Sunrise averts NYSE de-listing

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Sunrise Senior Living narrowly escaped being suspended from trading on the New York Stock Exchange by completing a re-filing of earnings results from 1996 through 2005 early Monday morning, the company said.

Earnings were reduced by $173 million for the period, which was fraught with accounting errors but no signs of insider trading, stock-option backdating or inappropriate accounting, the Associated Press reported.

While the new figures show Sunrise raised its earnings figure for 2005 from $79.7 million ($1.67 per share) to $87.1 million ($1.82 per share), it also revealed that restated 2005 numbers plummeted, from earnings of $50.7 million ($1.12 per share) to $1.1 million ($0.03 per share).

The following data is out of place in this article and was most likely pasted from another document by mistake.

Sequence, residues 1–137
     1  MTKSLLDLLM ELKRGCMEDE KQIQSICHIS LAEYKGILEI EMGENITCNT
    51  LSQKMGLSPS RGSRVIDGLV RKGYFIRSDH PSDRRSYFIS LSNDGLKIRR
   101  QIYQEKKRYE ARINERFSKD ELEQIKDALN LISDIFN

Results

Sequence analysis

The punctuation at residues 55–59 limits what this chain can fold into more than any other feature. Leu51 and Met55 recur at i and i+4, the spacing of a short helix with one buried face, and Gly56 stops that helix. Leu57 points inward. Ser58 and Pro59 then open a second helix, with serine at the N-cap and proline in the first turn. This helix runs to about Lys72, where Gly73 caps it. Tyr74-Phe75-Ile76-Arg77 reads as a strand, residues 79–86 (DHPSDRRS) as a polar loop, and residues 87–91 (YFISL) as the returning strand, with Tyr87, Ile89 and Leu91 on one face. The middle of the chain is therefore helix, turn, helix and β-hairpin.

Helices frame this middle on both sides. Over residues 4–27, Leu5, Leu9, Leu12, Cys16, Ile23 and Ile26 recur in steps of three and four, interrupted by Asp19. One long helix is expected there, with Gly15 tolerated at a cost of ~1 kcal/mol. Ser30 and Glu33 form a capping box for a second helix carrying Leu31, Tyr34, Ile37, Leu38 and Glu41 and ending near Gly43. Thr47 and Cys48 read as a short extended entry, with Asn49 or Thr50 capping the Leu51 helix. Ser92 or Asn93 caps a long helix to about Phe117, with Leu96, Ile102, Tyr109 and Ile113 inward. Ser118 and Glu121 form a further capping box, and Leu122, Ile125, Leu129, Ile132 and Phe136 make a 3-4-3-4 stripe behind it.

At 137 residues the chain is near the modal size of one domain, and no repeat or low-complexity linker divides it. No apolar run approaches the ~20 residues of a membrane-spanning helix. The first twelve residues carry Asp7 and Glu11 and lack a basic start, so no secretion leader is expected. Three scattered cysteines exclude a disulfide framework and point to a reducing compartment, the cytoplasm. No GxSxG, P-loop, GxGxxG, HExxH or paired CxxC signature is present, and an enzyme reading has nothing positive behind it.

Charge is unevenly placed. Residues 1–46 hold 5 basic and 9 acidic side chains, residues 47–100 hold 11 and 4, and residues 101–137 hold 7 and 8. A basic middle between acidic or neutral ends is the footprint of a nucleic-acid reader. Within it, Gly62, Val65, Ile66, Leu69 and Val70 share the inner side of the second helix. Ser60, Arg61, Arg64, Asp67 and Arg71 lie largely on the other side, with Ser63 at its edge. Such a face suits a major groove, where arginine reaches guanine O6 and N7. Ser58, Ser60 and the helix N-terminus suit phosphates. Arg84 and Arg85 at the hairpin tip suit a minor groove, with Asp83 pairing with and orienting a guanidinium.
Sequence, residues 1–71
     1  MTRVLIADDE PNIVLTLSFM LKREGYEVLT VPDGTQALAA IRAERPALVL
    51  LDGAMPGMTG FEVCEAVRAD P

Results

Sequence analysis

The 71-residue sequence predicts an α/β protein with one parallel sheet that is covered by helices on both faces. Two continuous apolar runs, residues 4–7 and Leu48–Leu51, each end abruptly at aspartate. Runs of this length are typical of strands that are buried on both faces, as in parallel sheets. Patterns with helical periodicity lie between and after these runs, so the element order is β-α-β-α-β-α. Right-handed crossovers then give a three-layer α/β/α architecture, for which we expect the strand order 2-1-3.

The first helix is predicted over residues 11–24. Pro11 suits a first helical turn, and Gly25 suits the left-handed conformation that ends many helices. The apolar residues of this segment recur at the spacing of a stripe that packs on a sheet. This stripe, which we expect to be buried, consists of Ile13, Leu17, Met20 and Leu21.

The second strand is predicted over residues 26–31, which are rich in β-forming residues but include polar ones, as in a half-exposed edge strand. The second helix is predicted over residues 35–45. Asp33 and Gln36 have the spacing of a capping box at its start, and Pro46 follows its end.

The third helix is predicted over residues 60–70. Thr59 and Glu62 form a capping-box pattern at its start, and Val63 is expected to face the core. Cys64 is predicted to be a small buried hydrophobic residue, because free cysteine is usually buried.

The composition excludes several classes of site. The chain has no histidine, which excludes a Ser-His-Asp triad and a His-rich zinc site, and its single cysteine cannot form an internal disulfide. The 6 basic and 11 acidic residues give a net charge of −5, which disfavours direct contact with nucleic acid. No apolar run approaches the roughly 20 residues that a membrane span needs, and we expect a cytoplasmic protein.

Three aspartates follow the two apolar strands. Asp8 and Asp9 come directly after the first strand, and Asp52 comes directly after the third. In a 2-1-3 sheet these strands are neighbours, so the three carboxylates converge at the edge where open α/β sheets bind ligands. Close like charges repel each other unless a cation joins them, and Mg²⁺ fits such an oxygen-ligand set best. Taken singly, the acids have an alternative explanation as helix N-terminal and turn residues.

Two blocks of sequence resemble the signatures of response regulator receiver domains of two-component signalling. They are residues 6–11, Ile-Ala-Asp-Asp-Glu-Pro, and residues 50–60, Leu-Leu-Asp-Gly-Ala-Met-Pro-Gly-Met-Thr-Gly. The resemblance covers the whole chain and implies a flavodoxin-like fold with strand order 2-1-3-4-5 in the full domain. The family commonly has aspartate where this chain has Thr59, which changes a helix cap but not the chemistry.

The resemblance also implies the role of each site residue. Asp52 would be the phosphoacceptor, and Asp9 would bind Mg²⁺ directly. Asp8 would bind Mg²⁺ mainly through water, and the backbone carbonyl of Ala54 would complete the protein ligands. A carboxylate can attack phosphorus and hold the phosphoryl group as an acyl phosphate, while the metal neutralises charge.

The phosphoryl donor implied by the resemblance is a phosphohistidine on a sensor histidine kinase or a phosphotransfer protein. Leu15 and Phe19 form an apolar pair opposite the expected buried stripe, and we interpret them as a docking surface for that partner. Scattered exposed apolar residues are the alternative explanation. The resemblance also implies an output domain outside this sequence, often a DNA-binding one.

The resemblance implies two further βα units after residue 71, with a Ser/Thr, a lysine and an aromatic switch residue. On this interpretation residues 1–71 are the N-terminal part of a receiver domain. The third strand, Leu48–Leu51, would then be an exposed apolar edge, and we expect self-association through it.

Sunrise filed for an extension to file 2007 earnings and has until Sept. 17 to do so.

"Now that our restatement is complete, we have a solid foundation on which to move forward with our business," said Sunrise founder and CEO Paul Klaassen, who was replaced as board chairman last week as part of several announced governance changes. "With our recently- announced enhanced corporate governance, continued growth and reputation for championing quality of life for seniors and their families, we believe Sunrise is well positioned for the future."